Call for public sexual harassment of young women and girls to become a criminal offence

·2-min read

Half of young women and girls were harassed on Britain's streets during the summer, new research has found.

The survey, by girls' rights organisations Plan International UK and Our Streets Now, showed 51% experienced harassment over the summer, including being catcalled, followed, groped, flashed and upskirted.

It also found that a fifth (19%) experienced harassment during the first national lockdown in spring.

The groups are calling for the public sexual harassment of girls to be made a specific criminal offence, with the launch of a #CrimeNotCompliment campaign.

"This has become a normal part of being a girl and that is not ok," Maya Tutton, co-founder of Our Streets Now, told Sky News.

"We have to draw a line in the sand and say we deserve to feel safe and we deserve to be safe in public."

Maya, 21, said she founded the campaign with her sister Gemma, 16, because of her sibling's experiences.

Gemma has experienced public sexual harassment since she was 11. She said the perpetrators have ranged from boys as young as her to men as old as 70.

"As I get older the experiences become worse and more scary," she told Sky News. "It lays like a weight on my chest every time I go outside."

Gemma recalled one particular experience that galvanised a desire to fight back.

"I was 13 years old and walking home from school when I came across a group of men who started sexually harassing me.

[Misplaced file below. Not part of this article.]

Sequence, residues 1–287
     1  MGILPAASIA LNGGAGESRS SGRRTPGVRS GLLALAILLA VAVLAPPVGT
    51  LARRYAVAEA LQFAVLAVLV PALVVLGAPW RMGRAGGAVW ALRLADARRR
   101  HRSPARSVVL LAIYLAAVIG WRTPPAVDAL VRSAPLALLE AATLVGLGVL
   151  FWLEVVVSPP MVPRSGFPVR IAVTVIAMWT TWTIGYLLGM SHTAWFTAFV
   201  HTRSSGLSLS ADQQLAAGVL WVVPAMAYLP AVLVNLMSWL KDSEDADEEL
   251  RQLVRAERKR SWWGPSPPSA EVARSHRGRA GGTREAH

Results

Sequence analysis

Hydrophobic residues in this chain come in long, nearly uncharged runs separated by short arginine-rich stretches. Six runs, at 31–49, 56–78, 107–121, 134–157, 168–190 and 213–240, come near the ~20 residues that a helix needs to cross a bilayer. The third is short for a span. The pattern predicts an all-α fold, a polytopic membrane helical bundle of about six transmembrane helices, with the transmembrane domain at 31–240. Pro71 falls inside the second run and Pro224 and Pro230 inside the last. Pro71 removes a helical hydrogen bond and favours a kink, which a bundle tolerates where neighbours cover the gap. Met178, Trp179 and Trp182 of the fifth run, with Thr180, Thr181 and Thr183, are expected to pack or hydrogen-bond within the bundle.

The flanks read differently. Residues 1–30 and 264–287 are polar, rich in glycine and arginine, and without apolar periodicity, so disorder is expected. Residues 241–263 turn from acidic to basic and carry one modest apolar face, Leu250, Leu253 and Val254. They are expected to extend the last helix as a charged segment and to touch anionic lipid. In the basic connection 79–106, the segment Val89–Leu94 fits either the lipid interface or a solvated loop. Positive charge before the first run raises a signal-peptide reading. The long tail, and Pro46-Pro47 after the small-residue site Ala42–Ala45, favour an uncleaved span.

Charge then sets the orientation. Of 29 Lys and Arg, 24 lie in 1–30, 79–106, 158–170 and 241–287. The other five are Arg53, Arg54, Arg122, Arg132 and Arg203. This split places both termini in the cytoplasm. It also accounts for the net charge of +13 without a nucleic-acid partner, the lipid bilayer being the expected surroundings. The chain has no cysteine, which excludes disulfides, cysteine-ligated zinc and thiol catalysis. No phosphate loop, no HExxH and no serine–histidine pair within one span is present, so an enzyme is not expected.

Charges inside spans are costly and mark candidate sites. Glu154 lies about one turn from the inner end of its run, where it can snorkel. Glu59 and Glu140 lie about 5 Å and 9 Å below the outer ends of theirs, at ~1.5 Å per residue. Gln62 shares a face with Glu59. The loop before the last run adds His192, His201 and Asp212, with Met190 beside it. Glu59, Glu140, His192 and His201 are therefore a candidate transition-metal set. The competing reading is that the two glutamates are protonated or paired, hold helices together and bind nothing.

"I turned around and I said 'Guys, I'm 13'. They looked at me, laughed, and told me age didn't matter to them.

"That really brought home to me the fact that public sexual harassment is about power and that it really wasn't my fault."

Their survey polled 1,000 parents of girls aged between 14 and 21; and 1,010 girls in this age group, between 23 September and 1 October.

Among the parents, 80% worry their daughter will experience public sexual harassment during her lifetime, and one in 10 are worried their daughters younger than 11 will be targeted.

Four in 10 parents said they have asked their daughters not to go out after dark.

But despite the concern, a third (37%) of parents would not know where to report street harassment of their daughters, and 70% of parents whose daughters have experienced it did not report it to the police.

The campaigners hope a clear law that criminalises all forms of public sexual harassment will make girls more likely to report cases that do occur.

"Girls feel that it won't be taken seriously," Rose Caldwell, chief executive of Plan International UK, said.

"Sometimes they feel that they might be blamed. They are not to blame. The people to blame are the harassers and they're the people who need to change their behaviour."